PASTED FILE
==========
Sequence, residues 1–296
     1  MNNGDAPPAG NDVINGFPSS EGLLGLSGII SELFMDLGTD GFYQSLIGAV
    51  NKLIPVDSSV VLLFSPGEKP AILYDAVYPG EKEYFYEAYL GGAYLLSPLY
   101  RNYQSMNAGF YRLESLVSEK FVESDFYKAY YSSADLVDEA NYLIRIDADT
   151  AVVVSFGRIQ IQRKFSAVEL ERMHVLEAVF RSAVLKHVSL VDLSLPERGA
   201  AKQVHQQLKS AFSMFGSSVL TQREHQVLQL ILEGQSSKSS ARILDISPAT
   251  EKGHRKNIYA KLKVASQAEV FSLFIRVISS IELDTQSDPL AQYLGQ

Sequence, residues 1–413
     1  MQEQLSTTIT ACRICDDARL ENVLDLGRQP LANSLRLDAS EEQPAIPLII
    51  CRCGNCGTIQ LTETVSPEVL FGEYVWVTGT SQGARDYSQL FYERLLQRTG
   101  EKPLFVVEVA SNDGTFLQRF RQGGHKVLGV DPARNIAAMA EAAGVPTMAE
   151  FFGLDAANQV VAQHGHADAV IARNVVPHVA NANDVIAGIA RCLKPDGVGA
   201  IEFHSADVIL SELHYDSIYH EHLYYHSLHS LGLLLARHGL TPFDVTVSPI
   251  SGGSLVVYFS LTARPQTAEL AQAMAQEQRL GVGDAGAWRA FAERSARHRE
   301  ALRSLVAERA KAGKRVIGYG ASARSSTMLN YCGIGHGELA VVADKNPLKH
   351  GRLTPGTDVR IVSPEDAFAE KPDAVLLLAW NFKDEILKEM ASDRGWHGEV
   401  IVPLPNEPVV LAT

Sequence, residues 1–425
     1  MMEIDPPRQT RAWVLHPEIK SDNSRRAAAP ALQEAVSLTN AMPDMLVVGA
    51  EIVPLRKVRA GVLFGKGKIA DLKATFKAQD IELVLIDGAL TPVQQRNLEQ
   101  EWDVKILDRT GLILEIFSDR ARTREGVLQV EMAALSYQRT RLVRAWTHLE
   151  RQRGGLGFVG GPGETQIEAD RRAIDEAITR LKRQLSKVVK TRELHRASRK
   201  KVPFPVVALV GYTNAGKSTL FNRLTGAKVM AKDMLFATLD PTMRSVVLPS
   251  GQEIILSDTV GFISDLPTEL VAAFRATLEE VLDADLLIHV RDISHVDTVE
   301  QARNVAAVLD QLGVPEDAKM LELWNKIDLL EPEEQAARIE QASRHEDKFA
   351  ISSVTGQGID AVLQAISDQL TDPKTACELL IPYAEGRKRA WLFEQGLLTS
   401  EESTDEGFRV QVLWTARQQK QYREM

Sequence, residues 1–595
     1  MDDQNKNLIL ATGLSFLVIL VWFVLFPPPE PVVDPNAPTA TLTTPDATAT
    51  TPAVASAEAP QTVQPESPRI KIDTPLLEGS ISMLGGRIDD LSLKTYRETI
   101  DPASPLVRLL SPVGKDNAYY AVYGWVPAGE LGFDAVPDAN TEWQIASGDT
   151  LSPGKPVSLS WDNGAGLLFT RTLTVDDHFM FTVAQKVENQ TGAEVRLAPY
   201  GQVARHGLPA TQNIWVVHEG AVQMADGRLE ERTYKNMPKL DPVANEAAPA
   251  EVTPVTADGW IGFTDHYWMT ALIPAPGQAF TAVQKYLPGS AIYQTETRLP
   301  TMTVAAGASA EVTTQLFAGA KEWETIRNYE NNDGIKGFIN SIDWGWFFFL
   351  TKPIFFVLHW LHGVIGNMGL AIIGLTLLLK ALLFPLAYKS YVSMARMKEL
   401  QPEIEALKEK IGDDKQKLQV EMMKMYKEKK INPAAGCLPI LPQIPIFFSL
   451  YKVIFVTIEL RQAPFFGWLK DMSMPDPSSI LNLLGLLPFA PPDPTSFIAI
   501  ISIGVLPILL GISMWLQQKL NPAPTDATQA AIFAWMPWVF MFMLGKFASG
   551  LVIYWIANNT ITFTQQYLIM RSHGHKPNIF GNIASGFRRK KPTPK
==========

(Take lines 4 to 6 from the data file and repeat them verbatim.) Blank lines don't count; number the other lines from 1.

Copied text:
   101  RNYQSMNAGF YRLESLVSEK FVESDFYKAY YSSADLVDEA NYLIRIDADT
   151  AVVVSFGRIQ IQRKFSAVEL ERMHVLEAVF RSAVLKHVSL VDLSLPERGA
   201  AKQVHQQLKS AFSMFGSSVL TQREHQVLQL ILEGQSSKSS ARILDISPAT